Sqdn Ldr. D.T. Moir, Flt Ltd Smith, F/Sgt S. Wallace, Signaller G.I. Walton, A/C P.A. Knapp, Nav. C.G.W. Carter and engineer Atter. Three escaped.

Now the exciting part of my tale. At the beginning of May, just after the reunion, came a telephone call from Ken Shirgwin of Romford, who had been on the trip to Egypt. He has a photograph of the incident, with the letters KO-G clearly marked on the side of the aircraft.

I have put Ken in touch with Barry so, all being well, we will be able to see the picture when we next visit the museum.


A commemorative 'brochure', printed in colour, recording the special service on January 20 at the Cemetery de l'eglise Sainte Radegonde de Giverny, for the crew of P/O Ronald Maude which was shot down by a night fighter on June 8 1944 (Lanc Mk I - LL864 A4-H2), arrived in March.
There was a tremendous turnout from French government officials, plus Guy Colmbel, Mayor of Giverny, with many of his staff. On the cover is a beautiful colour picture of a most delightful stone memorial with plaque.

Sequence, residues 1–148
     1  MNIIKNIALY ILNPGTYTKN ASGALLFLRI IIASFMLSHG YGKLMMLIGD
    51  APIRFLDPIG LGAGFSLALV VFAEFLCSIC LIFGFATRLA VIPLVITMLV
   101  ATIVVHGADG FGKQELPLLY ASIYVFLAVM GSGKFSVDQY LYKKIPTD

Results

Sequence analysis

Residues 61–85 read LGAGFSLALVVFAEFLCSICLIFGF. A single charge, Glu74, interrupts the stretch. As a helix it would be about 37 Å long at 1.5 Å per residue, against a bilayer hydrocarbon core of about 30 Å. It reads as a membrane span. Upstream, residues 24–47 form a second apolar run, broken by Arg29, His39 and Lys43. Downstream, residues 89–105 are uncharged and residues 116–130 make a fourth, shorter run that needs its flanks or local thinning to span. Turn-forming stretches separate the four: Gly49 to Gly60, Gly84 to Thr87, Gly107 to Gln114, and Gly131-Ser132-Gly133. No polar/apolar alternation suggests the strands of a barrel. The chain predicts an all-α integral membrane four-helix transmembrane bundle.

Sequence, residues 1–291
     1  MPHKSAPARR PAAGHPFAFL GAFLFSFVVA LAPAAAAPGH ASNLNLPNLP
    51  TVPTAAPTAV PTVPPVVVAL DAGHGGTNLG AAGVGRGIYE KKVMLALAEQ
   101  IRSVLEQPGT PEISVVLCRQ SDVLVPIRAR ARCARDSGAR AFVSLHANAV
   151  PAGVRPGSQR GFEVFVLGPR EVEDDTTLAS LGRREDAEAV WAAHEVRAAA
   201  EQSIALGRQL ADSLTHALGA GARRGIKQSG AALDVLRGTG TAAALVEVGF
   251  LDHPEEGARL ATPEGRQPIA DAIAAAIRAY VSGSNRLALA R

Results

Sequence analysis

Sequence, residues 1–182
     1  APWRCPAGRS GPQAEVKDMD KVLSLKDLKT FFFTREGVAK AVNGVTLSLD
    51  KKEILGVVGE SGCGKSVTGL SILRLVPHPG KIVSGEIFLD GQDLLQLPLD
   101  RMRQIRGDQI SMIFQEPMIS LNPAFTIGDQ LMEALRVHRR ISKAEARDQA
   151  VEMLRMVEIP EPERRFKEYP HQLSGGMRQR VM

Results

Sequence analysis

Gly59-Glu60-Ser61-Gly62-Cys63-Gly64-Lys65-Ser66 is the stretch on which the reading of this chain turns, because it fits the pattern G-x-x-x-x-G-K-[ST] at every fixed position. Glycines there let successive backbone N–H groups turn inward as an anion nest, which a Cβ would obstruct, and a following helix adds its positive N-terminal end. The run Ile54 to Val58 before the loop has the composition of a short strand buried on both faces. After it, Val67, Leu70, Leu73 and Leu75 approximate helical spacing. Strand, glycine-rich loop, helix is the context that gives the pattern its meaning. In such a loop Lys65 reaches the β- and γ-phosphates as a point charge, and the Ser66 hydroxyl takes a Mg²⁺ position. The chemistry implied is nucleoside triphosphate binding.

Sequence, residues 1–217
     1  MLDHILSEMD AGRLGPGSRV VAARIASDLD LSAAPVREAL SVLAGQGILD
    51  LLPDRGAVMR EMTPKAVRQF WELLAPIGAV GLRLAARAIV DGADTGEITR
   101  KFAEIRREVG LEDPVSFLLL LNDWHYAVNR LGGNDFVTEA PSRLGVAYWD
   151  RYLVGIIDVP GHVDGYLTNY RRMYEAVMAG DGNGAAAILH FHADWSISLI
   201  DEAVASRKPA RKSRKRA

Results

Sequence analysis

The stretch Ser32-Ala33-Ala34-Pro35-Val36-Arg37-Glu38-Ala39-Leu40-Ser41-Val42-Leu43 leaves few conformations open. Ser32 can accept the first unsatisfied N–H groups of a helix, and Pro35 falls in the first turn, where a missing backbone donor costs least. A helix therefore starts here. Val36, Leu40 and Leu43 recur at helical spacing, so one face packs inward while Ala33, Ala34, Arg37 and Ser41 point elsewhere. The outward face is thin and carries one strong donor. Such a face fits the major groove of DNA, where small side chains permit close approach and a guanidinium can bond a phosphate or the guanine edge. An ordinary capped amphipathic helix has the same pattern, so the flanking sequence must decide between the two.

There is a puzzle! In attendance was 'invites d'honneur' Squadron Leader Charlie Flint! Has Charlie been conning us all these years? Has he been infiltrating the ranks pretending to be just a Sergeant? Charlie deny this. And it wasn't his son. So we are on the trail to discover who is the real Charlie Flint.


Red Sherwood - Len Ing writes to inform us of the death of his former skipper, Red Sherwood, of Penticton, British Columbia, on May 18 at the age of 92.

"Red was the captain and pilot of the Lancaster I flew in as bomb-aimer in 1944-45," he recalls. "Red wrote a book which was published last year, perhaps a reminder to these of us who have not written or recorded our memoirs that our experiences need to be preserved not only for the present but for future generations."